Studio SessionsMusicians perform and discuss their work in the studios of NPR and NPR Music station partners. Live music sessions, interviews, and the best new songs in rock, pop, folk, classical, jazz, blues, urban, and world music. Watch video sessions.
Bob Wills was the father of the Western swing genre, and the band Asleep at the Wheel has carried it into the new millennium. Now, the band has brought Wills' story to the stage in a musical drama called A Ride with Bob.
Since the release of their debut album in 1994, Philadelphia natives G. Love and Special Sauce have been continuously refining their laid-back blend of blues, alternative rock, soul and hip-hop into tighter and more sophisticated song structures. The band's newest record, Lemonade, is a fantastic back-to-basics effort.
G. Love and Special Sauce in Studio on World Cafe - 09/29/2006
The English alt-rock band Starsailor has released three albums to widespread hype and critical acclaim, but it's also had a tricky time staying in the spotlight. The new On the Outside finds Starsailor sounding refreshed after a period out of the limelight, while retaining the depth of emotion that attracted it so much attention in the first place.
Gomez's infectious blend of bluesy wails and pop-rock harmonies has won the band critical acclaim and commercial success, making it one of the biggest and best U.K. bands to emerge in recent years. Winner of the 1998 Mercury Music Prize for Best Album, the group has gone on to get tighter and more confident.
Eight-time Grammy Award winner Bela Fleck was fascinated with the banjo from an early age, but his teachers kept pushing him to play other instruments. Luckily, he kept up with the banjo — when he wasn't being forced to sing tenor or play the French horn. Fleck continues to push the limits of the instrument with his improvisation on the Stephen Foster favorite, 'Oh! Susanna.'
By combining intelligent lyrics and haunting melodies, Midlake continues to develop its vision of beautiful neo-Americana music. The band's new sophomore album, The Trials of Van Occupanther, finds Midlake polishing its acoustic, increasingly piano-driven '70s folk-rock sound.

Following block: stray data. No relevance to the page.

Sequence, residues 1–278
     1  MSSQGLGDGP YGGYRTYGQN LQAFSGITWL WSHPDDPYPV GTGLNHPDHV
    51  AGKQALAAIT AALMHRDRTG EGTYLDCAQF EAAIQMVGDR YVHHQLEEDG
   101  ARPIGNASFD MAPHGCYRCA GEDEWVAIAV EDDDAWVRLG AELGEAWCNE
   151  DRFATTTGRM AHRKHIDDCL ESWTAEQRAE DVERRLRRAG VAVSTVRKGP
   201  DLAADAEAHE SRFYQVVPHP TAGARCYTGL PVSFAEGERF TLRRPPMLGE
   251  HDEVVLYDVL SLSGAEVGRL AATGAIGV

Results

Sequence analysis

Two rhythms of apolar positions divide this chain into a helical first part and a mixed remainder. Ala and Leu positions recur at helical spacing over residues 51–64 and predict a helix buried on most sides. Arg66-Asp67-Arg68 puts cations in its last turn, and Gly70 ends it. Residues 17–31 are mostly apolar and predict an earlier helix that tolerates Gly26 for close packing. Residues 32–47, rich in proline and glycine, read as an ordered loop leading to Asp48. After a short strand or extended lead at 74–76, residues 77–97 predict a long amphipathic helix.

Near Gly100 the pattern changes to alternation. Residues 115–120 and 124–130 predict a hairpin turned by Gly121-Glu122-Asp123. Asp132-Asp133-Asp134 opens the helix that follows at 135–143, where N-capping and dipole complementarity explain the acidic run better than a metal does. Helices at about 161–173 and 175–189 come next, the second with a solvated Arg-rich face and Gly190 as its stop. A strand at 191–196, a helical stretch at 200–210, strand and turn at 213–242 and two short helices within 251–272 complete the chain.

Caroline Goulding, 13, plays a unique violin: a 1617 Amati loaned to her by the Stradivari Society in Chicago. She is in excellent company. Former Stradivari Society recipients include Joshua Bell, Midori, Sara Chang and Yo-Yo Ma! Goulding performs Brahms' Sonatensatz in C Minor.
Oboist Yuga Cohler, violinist Mann-Wen Lo, violist Christine Hung and cellist Tavi Ungerleider hail from the New England Conservatory Prep Division. The group's unusual name, The Festivus Quartet, comes from a Seinfeld reference. The quartet performs Benjamin Britten's Phantasy Quartet, Op. 2.
The bassist and songwriter is among the most unusual and eclectic musicians to emerge from the '90s alternative-rock scene. His best-known band, Primus, is known for its funky, oddball songs — an approach he's carried with him through countless side projects.
From the funky New Orleans soul of Allen Toussaint to the harrowing acoustic rock of My Morning Jacket's Jim James, a wide variety of exciting sounds emanated from WXPN's annual All About the Music Festival July 21-23. The event spawned many memorable performances, several of which will be highlighted in this special edition of World Cafe.
The hook-heavy foundation of The Format's Dog Problems is aided by involvement from an assortment of power-pop greats. The album does a terrific job of paying homage to the band's pop elders — Brian Wilson, Harry Nilsson and others — while keeping its sound refreshingly current.
The Roots' members have earned a lofty reputation in hip-hop and beyond by reinventing the genre's boundaries. Incorporating live instrumentation and thought-provoking lyrics, the Philadelphia band expertly blurs the lines separating artistic integrity and commercial acceptance.
PF Sloan was a major songwriter in L.A.'s burgeoning '60s folk and pop scene, with writing credits for the likes of The Turtles, Johnny Rivers and The Grassroots. His song "Eve of Destruction" was a #1 hit in 1965, and after a long break from the music business, Sloan recently returned with the new Sailover.
Hiatt's newest album, Master of Disaster, features an edgy, funky sound, thanks largely to the assistance of The North Mississippi Allstars. Together, they assemble a collection of gritty country, blues, rock and jazz.
John Hiatt & North Mississippi Allstars: Americana